Non-thyroidal illness syndrome is a manifestation of hypothalamic-pituitary dysfunction, and in view of current evidence, should be treated with appropriate replacement therapies

Crit Care Clin. 2006 Jan;22(1):57-86, vi. doi: 10.1016/j.ccc.2005.10.001.


This article documents the role of hypothalamic hypothyroidism and decreased T4-->T3 conversion as the cause of low T4 and T3 in non-thyroidal illness syndrome (NTIS). This article also presents the arguments for administration of replacement triiodothyronine (T3) and thyroxine (T4) hormone in patients who have NTIS. It is impossible to be certain at this time that it is beneficial to replace hormone, or whether this could be harmful. Only a prospective study will be adequate to prove this point, and probably this would need to involve hundreds of patients. If effective, thyroid hormone replacement will be one of many beneficial treatments given the patient, rather than a single magic bullet, which would reverse all the metabolic changes going wrong in these severely ill patients.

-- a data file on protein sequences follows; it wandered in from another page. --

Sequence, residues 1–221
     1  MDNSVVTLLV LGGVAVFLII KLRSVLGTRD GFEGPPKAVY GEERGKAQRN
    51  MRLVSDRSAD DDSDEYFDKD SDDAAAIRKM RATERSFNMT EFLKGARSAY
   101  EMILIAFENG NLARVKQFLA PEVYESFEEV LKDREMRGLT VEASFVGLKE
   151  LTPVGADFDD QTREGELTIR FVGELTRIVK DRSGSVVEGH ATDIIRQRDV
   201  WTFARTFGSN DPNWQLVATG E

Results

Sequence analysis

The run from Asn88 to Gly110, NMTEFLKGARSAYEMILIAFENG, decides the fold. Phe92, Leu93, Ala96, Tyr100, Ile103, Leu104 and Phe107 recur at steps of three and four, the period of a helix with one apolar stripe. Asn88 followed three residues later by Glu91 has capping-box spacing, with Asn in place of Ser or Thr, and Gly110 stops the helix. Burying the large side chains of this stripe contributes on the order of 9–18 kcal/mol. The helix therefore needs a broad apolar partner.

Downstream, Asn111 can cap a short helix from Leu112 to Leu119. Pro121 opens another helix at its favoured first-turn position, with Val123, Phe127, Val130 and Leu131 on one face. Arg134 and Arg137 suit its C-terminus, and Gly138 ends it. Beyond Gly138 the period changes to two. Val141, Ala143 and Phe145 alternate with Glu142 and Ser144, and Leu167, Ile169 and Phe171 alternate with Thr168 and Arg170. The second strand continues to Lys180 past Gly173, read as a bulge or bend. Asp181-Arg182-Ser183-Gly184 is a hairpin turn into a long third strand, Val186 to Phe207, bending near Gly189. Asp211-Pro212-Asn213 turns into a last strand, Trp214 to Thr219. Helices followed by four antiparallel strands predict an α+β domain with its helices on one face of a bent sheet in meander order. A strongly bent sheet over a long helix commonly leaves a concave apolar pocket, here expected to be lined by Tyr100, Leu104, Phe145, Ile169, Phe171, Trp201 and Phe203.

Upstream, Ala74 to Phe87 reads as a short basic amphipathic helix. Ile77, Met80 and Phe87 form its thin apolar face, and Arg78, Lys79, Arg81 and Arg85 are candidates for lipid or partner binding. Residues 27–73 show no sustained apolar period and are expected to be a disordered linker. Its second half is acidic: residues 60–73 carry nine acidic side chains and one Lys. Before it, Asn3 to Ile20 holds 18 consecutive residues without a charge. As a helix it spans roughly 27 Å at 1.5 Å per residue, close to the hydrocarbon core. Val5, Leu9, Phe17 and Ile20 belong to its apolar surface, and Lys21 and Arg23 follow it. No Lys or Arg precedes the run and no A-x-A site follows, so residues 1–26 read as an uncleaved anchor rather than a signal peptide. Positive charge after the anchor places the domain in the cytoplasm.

Publication types

  • Review

MeSH terms

  • Biological Transport / physiology
  • Cytokines / metabolism
  • Euthyroid Sick Syndromes / drug therapy
  • Euthyroid Sick Syndromes / physiopathology*
  • Growth Hormone-Releasing Hormone / therapeutic use
  • Hormone Replacement Therapy / methods
  • Humans
  • Hypothalamo-Hypophyseal System / physiopathology*
  • Stress, Physiological
  • Thyroid Hormones / deficiency
  • Thyroid Hormones / metabolism
  • Thyroid Hormones / physiology
  • Thyroid Hormones / therapeutic use*
  • Thyrotropin / analysis
  • Thyrotropin / physiology
  • Thyrotropin / therapeutic use
  • Thyrotropin-Releasing Hormone / therapeutic use
  • Thyroxine / analysis
  • Thyroxine / deficiency
  • Thyroxine / physiology
  • Thyroxine-Binding Proteins / metabolism
  • Triiodothyronine / analysis
  • Triiodothyronine / deficiency
  • Triiodothyronine / physiology


  • Cytokines
  • Thyroid Hormones
  • Thyroxine-Binding Proteins
  • Triiodothyronine
  • Thyrotropin-Releasing Hormone
  • Thyrotropin
  • Growth Hormone-Releasing Hormone
  • Thyroxine